Being struck by lightning is hardly considered a stroke of good fortune under most circumstances, but it came as nothing short of a lifesaver for one lucky calf.
Even before he entered the world four weeks ago, this baby cow named Pen had his whole life planned out for him, and it was destined to be cut short. He was born in Maine on Highland Farms, a family operated cattle ranch that sells organic beef. One day he would be slaughtered for the business. However, after Pen was struck by a bolt of lightning during a thunderstorm earlier this month, the grim fate which had awaited him suddenly changed.
Jennifer Wixson, who runs the farm with her husband, heard Pen's mother mooing frantically that night and rushed to discover the calf badly burned, though amazingly still alive. A vet confirmed that the animal had survived a lightning strike and that his wounds were going to take months, and hundreds of dollars of medication, before they'd finally heal – no small commitment to save the life of an animal that the farmers had planned to kill.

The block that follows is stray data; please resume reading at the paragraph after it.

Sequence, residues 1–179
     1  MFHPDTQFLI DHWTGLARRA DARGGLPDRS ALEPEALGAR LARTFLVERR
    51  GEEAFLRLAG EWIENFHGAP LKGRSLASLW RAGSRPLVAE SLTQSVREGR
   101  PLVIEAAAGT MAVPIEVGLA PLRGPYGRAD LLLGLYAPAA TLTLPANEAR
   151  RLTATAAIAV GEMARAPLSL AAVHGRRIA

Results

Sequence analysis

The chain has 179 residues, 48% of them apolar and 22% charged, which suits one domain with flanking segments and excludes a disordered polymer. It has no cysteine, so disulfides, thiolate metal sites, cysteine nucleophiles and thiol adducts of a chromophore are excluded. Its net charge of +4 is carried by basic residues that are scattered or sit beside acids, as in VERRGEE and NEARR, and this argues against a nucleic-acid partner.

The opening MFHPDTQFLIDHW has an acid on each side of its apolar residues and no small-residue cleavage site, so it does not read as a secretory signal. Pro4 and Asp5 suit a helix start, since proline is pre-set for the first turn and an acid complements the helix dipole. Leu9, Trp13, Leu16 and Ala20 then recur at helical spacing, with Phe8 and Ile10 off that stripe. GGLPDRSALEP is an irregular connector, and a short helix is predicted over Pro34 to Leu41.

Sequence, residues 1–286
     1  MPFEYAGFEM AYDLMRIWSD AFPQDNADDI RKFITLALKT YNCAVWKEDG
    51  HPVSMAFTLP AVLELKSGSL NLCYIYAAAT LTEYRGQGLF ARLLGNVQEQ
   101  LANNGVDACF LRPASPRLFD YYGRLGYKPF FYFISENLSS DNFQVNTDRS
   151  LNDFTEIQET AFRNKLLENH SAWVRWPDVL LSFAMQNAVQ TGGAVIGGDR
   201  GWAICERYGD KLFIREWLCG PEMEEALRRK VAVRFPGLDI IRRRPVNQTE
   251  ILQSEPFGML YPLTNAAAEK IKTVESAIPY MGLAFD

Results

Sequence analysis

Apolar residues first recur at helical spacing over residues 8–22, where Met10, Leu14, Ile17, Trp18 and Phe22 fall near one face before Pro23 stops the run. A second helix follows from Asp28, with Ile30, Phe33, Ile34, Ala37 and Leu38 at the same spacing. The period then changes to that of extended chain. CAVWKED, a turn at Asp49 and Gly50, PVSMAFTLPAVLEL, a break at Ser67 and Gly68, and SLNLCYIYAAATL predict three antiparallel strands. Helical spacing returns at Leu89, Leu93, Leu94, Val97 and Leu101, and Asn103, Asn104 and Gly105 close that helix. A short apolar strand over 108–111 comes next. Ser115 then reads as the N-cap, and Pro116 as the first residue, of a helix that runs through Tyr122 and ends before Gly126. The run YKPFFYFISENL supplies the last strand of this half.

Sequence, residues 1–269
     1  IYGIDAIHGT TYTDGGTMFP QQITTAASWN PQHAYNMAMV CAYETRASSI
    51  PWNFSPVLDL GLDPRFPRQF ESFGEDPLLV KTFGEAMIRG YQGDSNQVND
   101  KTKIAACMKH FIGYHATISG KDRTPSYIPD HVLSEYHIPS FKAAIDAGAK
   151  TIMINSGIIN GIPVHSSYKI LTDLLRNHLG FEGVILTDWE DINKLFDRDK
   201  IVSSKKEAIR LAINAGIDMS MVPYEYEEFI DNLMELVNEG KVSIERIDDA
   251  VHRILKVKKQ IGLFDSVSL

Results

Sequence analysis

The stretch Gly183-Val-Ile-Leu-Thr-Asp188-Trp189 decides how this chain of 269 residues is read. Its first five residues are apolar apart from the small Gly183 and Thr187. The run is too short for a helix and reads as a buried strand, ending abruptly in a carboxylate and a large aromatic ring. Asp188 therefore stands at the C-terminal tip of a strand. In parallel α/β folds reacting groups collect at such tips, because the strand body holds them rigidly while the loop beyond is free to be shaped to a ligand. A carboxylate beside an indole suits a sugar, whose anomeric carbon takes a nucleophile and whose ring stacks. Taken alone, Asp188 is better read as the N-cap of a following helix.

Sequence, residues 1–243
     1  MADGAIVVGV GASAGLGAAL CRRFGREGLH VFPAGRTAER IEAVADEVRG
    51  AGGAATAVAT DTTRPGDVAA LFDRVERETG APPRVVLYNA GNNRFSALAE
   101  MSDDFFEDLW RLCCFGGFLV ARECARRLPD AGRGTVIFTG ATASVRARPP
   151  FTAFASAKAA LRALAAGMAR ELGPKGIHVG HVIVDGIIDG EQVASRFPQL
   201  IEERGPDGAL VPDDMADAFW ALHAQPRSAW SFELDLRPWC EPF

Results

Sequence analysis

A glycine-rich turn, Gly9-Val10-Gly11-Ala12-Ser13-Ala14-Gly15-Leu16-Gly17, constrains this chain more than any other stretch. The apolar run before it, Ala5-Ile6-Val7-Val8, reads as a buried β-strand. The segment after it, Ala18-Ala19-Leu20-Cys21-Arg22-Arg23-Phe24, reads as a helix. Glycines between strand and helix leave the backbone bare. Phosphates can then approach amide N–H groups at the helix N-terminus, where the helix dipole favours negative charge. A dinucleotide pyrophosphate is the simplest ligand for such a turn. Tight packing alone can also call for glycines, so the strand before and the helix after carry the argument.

But as it turns out, the thunderbolt that injured Pen also struck Wixson with a strong sense of compassion for the animal. The calf, it seems, was suddenly no longer a mere commodity; to her, his life was more valuable than that.
"My husband said the first few days, ‘So, we're spending $300 to save this animal so we can eat it?' Well, today is my birthday. So last night I said I wanted Pen for my birthday," Wixon told news station WCSH, her eyes welling with tears.
"He's going to live out his life here on the farm, and we're pretty excited to have him. I think that's the best birthday present anybody can get."
There's no telling if the cattle farmers' unlikely new pet will inspire them to look at all the other animals on the farm with a newfound sense of affection – but sometimes the most illuminating realizations come in a flash. Truth is, millions of cows are killed in the United States every year, and each one started out as a calf as precious as Pen.